31 Dec Topping the UK Christmas Charts
With the big day quickly approaching, the Christmas advertising season is in full-swing. Constant bombardment from every angle, TV, radio, print, you name it, there’s Santa (or some derivative). ZenithOptimedia has recently revealed that nearly £310m will be spent globally this December on advertising, a sharp jump from 2014, whereby £287m was the reported spend. One is then left to wonder, what makes Yuletide content sticky? Furthermore, how can it be quantified and who will take home this year’s bragging rights?
Any consumer who’s stayed even remotely attuned to this years advertisements, can vouch; there are some pretty impressive pieces. However, who will top the UK Christmas charts this year? The two current, and most viable, contenders of the #1 spot, are Sainsbury’s and John Lewis. According to Youtube views, Sainsbury’s is “leading”- by about a million. Is this measure sufficient in naming at a true “winner”? At Brainsights, we were determined to find out.
Taking an evidently more comedic approach, Sainsbury’s has leveraged the talents of children’s writer Judith Kerr. “Mog’s Christmas Calamity” stars a clumsy feline, who isn’t having the best of luck. After a series of unsettling events, Mog sets fire to the Christmas tree, which initially appears to have ruined Christmas Eve. In the end, thanks to the joint efforts of the neighbours, the Thomas family is able to have a Christmas after all. The advert classically concludes with friends celebrating the holidays together, narrating; “they can share ours.”
On the other hand, John Lewis has chosen to yank on heartstrings. Lily, a young girl who is constantly seen gazing into a telescope, spots an elderly man on the moon. Evidently isolated living in a shed, he appears visibly lonely. Lily tries to attract the man’s attention, but despite her efforts, she is unsuccessful. A few days later on Christmas day, the man receives a gift- cleverly delivered by a bundle of balloons. The girl has given the man a telescope, so he too, can see her. The commercial beautifully brings forth the joys of giving.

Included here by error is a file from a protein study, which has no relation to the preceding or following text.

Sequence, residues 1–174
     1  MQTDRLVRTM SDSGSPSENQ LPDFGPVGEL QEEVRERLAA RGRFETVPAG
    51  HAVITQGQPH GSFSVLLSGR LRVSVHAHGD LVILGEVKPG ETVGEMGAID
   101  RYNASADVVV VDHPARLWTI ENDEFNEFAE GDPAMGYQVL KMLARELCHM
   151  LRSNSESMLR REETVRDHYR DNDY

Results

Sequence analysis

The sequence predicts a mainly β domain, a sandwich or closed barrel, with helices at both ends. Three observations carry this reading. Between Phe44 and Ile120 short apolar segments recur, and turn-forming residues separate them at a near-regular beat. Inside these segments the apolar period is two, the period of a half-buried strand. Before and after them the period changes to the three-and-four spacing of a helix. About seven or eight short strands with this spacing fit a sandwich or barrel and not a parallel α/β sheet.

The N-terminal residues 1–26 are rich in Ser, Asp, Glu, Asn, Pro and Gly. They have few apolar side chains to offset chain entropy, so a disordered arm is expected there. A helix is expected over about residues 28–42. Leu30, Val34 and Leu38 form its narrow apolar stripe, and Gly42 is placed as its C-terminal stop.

Although both artful done, the question still remains, how is one to settle the score? Brainsights, a communications consultancy, specializes in applying consumer neuroscience and a data-based approach to content evaluation. Three distinct, yet highly intertwined measures aid in levelling the scorecard: attention (e.g., overall audience engagement), emotional connection (e.g., how is the consumer responding to the content? What type of emotion effect has it had?) and encoding (e.g., what is the likelihood the viewer will remember the ad?). Surely, we can disentangle which aspects have most effectively landed with the audience.
On a second-by-second basis, we broke down what made the Sainsbury’s cheeky plot so effective. First off, we would like to note, Mog really did steal the show. As reflected in significantly higher audience engagement scores, the moments whereby we were first introduced to Mog, seem to really hit-home. We later see a distressed close-up of poor
Mog, whilst the tree crumbles to the ground- again, the viewers are tuned in. Interestingly, the familiarity of the Sainsbury’s brand also seems to have a special place in the minds of the audience, as we see a spike during its’ reveal. Overall, deeper insight proved we really do like a good, old-fashioned story.
Applying the same methodology as above to Lily and the man on the moon, we teased- out seconds whereby viewers were most highly attended. A seemingly wise decision was selecting the ever-so popular Oasis track, Half the World Away; the musical selection was covered by an up and coming Norwegian artist. The exact moment the the melody begins, we observe a massive jump. Additionally, we observe an increase during scenes of personal connection and empathy. There is a close-up of the man’s seasoned face, and we are left almost staring into his telling eyes. The audience is immediately pulled in. The moments mentioned, alongside many others, show just how compelling an emotional story can be.
At first glance, each advert appears quite unique; light-hearted comedic hues versus raw emotion. However, after further consideration, it’s quite clear the differences aren’t so vast. One unavoidably recognizable aspect to each piece- they both arrive at the same conclusion, detailing what Christmas is “all about”. Moments embracing these joys shine through vividly. For the Sainsbury’s advert, whilst friends and family share the holidays together, engagement pops. During the John Lewis spot, the scene whereby the man is emotionally receiving a parcel, spikes.
Although creatively distinct, the bigger picture reveals messages of togetherness and sharing land best- period. Despite adopting massively different approaches, one thing remains clear, we are all touched by humanizing themes, a warmly welcoming finding. And in regards to who’s won this years battle- stay tuned for the final verdict- but perhaps, first place will be a shared title this year.